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To put things simply, the equipment and skill required for trenchless pipe repair will usually cost marginally more than up-front dig-and-replace repairs.

The average cost for trenchless pipe repair is typically around $6,000-$15,000, while traditional dig-and-replace repairs are usually between $4,000-$13,000 (the larger cost range accounting for manual digging, depth, and pipe location). 

However, this cost can as much as triple when streets, utilities, sidewalks or driveways lie above the broken pipe. Displacing or restoring these ground-level fixtures can run traditional pipe repair costs as high as $55,000, if not more. In these instances, the cost of trenchless pipe repair remains the same; as digging is no longer necessary, trenchless specialists can fully repair your damaged pipe without unnecessarily digging an inch of soil.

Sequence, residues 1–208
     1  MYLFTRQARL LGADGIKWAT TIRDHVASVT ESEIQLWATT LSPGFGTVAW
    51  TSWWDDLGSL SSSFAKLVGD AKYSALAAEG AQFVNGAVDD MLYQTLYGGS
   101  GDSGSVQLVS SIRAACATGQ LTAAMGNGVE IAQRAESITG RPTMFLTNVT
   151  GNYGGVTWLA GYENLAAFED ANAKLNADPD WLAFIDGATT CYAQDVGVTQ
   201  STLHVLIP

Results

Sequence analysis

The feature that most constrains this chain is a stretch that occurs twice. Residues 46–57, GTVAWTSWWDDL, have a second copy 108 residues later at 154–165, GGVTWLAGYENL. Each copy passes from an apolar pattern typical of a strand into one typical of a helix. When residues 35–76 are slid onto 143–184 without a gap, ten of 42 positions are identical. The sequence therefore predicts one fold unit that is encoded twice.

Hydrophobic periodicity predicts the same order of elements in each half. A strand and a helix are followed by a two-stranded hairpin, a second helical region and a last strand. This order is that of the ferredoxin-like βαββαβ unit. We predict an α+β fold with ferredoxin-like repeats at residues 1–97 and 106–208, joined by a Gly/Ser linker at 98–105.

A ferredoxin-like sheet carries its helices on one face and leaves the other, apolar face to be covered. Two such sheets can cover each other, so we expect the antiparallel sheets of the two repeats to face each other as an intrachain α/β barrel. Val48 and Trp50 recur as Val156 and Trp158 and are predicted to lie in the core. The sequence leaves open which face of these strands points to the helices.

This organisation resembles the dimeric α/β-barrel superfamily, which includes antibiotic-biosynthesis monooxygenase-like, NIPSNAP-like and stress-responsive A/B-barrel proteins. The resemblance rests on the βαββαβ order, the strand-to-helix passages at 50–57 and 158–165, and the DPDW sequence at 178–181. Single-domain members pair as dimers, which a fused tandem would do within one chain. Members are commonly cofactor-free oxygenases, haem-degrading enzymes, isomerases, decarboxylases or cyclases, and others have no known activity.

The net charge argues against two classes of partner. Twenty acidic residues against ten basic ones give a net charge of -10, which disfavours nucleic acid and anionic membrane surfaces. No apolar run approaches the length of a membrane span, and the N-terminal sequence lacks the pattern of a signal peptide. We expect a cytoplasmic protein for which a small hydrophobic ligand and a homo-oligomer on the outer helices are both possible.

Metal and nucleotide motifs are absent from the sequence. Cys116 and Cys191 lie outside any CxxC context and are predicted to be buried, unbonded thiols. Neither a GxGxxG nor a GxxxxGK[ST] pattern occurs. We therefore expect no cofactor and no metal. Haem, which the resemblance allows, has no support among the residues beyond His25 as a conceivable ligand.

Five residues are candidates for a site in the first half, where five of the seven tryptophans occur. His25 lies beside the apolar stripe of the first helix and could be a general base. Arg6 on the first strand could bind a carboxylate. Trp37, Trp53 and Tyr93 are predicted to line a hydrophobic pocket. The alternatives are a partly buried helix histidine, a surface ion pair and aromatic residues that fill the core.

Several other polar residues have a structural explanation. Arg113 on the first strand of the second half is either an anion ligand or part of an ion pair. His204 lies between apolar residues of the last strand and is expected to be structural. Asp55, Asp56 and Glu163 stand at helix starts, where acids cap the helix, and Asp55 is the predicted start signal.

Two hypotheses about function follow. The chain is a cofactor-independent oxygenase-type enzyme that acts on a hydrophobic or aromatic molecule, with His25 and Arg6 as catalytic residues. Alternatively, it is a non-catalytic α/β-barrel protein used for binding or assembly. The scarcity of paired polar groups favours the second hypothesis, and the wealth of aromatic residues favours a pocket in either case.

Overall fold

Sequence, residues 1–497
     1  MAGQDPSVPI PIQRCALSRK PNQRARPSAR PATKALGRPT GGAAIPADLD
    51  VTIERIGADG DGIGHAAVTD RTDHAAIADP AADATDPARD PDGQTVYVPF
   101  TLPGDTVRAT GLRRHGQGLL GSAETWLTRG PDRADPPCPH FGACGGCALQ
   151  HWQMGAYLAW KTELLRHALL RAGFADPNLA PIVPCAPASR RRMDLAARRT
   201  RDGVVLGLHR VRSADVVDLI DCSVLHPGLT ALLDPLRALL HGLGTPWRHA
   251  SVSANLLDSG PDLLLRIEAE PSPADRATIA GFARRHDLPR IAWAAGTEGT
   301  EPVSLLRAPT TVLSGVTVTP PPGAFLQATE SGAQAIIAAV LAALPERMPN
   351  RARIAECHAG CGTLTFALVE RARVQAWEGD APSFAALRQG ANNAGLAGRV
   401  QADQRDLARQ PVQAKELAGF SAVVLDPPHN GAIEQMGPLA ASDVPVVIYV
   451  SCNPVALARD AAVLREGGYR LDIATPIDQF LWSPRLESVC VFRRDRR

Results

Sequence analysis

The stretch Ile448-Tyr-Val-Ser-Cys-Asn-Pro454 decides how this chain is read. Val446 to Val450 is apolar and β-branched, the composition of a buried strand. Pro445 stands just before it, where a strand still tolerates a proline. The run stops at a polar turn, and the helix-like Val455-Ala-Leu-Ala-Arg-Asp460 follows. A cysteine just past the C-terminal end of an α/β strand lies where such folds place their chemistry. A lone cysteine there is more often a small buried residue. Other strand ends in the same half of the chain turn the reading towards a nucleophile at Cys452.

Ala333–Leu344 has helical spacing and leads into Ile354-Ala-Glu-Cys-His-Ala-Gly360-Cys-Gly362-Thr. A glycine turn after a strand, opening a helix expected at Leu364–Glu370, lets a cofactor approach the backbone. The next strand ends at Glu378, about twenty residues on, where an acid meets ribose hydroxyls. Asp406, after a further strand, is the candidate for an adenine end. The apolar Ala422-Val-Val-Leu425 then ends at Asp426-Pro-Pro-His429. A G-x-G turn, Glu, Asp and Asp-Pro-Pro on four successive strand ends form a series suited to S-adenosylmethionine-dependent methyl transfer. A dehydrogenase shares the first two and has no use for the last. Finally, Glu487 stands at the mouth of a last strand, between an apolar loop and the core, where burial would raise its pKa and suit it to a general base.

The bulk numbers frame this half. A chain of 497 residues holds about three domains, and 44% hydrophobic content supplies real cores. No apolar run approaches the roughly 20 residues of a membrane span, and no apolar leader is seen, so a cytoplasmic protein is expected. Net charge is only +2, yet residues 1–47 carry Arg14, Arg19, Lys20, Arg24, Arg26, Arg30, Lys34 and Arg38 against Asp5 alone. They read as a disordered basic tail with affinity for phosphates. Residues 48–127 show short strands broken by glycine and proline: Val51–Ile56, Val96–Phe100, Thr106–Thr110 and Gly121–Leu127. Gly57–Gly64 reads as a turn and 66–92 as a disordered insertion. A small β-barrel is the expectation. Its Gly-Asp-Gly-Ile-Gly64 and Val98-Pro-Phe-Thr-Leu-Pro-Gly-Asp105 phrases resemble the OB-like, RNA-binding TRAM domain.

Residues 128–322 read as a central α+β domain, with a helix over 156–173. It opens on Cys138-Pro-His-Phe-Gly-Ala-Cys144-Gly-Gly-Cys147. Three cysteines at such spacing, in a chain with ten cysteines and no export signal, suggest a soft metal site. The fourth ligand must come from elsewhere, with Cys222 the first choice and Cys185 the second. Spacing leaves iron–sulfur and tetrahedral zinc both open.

When it comes to pipe repair, the most expensive factors aren’t the machinery or materials used, but the uprooting, landscaping and lawn damage that ensues.

Traditional, dig-and-replace pipe repair: $50-250 per foot, resulting in roughly $3,000-$6,000 for small jobs, and $4,000-$13,000 for repairs over 50 feet. Any additional landscaping, road closure, utility mapping and labor will contribute a great deal to the total cost.

Trenchless pipe lining: Relining your damaged lateral or sewer pipe will typically cost $80-250 per foot, with an average of around $160 per foot. For standard residential sewer lines, repair costs can vary depending on circumstance. In most cases, homeowners pay between $6,000 and $15,000 to repair critical sewer pipes.

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